Boeing 777
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US aerospace giant Boeing is in the "last chance saloon" in light of the long decline in the company's manufacturing performance, Tim Clark, the head of Emirates Airline, has said.

One of the most high-profile figures in aviation, Clark told the Financial Times on Sunday that he had seen a "progressive decline" in Boeing's standards, which he put down to long-running management and governance missteps, including prioritizing financial performance over engineering excellence. Clark also said he was preparing to send his own engineers to oversee the US plane maker's production lines.

"They have got to instill this safety culture which is second to none. They've got to get their manufacturing processes under review so there are no corners cut etc. I'm sure [chief executive] Dave Calhoun and [commercial head] Stan Deal are on that . . . this is the last chance saloon," said Clark, who has held senior roles at Emirates since the 1980s and has been the airline's president since 2003. One of Boeing's largest customers, Emirates in November placed an order for 95 wide-body Boeing 777 and 787 jets.

Boeing's previous management made numerous mistakes, the Emirates boss claimed. Those included outsourcing some of its manufacturing and moving parts of the 787 production to South Carolina to cut costs following battles with unions at its primary base north of Seattle, Washington. Boeing lost "skills and competencies" through the move, argued Clark.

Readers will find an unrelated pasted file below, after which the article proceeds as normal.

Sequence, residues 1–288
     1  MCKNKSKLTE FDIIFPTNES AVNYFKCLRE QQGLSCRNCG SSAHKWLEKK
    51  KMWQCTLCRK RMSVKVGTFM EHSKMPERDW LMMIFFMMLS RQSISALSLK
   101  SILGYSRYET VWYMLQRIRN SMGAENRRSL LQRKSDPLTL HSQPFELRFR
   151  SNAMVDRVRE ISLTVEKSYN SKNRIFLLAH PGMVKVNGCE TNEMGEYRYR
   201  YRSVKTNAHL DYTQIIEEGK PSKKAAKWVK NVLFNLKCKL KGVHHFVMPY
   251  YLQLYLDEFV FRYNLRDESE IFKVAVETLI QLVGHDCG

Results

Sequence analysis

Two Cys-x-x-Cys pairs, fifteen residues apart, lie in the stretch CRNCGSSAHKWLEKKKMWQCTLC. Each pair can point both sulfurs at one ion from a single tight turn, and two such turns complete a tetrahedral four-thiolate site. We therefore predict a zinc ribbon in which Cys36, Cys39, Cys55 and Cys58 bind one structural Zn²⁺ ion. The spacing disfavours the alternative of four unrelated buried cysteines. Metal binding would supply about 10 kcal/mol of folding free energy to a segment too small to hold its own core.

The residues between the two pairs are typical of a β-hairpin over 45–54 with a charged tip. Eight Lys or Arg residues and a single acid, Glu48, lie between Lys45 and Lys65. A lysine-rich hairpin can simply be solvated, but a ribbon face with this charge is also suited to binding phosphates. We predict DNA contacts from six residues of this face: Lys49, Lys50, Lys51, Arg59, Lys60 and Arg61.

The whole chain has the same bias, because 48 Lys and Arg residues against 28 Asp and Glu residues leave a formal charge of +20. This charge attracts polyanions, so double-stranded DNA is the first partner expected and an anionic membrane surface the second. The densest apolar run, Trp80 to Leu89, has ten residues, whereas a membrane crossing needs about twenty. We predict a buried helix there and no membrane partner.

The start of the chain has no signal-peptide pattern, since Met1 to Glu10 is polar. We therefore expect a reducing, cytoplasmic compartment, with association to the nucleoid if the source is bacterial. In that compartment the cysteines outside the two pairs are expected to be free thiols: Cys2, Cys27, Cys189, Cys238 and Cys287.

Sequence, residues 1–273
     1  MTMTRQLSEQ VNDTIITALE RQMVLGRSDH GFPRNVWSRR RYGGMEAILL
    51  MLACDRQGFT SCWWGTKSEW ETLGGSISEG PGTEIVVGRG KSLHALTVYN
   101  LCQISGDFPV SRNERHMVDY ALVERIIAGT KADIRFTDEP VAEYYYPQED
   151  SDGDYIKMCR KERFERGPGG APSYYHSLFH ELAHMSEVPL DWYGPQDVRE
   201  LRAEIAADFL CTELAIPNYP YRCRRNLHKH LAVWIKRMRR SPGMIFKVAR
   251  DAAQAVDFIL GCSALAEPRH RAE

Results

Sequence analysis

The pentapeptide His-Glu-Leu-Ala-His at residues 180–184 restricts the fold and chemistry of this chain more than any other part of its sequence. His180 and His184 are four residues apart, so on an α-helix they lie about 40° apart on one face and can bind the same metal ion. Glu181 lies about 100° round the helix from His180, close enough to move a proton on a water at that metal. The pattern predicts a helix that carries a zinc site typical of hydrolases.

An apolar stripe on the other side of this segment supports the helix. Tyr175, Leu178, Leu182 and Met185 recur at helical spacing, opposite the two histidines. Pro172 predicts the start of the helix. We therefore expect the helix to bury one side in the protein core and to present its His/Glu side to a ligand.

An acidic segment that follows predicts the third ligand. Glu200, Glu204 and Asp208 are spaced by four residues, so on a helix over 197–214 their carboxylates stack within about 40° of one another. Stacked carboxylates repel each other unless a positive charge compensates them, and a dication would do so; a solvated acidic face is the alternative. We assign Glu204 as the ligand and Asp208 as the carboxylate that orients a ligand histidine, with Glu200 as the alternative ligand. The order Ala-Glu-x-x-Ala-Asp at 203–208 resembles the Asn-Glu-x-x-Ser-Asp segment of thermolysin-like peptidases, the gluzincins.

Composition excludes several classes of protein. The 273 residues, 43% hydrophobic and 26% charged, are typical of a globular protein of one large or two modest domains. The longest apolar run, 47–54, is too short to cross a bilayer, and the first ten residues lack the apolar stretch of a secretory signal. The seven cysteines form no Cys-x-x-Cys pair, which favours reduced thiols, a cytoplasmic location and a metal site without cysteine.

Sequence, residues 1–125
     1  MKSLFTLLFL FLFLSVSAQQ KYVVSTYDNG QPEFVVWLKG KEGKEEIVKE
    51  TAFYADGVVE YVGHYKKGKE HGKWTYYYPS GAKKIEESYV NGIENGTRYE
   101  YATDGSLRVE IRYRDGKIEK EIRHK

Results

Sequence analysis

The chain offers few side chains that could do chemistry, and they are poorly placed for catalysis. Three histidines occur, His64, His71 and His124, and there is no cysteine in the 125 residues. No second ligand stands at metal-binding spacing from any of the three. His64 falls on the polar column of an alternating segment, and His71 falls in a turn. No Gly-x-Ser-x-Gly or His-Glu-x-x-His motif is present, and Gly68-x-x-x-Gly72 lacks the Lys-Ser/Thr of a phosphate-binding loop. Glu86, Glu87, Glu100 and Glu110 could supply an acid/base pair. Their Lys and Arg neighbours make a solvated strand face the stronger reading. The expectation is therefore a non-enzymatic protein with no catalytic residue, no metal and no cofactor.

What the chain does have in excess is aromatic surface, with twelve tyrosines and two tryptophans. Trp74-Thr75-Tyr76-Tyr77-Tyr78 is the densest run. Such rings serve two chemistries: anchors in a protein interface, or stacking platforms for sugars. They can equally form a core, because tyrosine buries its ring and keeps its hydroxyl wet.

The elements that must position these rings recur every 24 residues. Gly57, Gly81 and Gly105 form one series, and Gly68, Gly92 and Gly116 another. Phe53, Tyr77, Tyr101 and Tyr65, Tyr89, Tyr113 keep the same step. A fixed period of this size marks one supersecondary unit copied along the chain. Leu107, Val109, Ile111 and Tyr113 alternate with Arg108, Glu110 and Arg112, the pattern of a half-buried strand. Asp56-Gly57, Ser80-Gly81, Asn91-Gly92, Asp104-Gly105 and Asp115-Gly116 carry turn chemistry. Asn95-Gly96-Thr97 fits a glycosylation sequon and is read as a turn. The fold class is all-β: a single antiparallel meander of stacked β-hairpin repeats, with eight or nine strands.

He further stated that the US company's manufacturing processes needed a thorough review, while its management should put aside concerns about financial performance.

"It needs a root and branch look at how it goes about producing aeroplanes and where it produces aeroplanes . . . that's just good management, good governance and it should be the priority of everybody on the board.

"Not: 'what is the return on investment? What is the bottom line? What is the free cash flow? What is the shareholder value? What is the share value? What is my bonus?' No, that will come if you do it right in the first place," Clark stressed.

The Emirates boss' comments come as Boeing has seen a new wave of groundings and safety checks following the mid-flight blowout incident of a section of the fuselage on a 737 Max 9 aircraft last month. The US Federal Aviation Administration has imposed a series of restrictions on the 737 MAX jets since then, temporarily prohibiting the company from expanding their production over passenger safety concerns.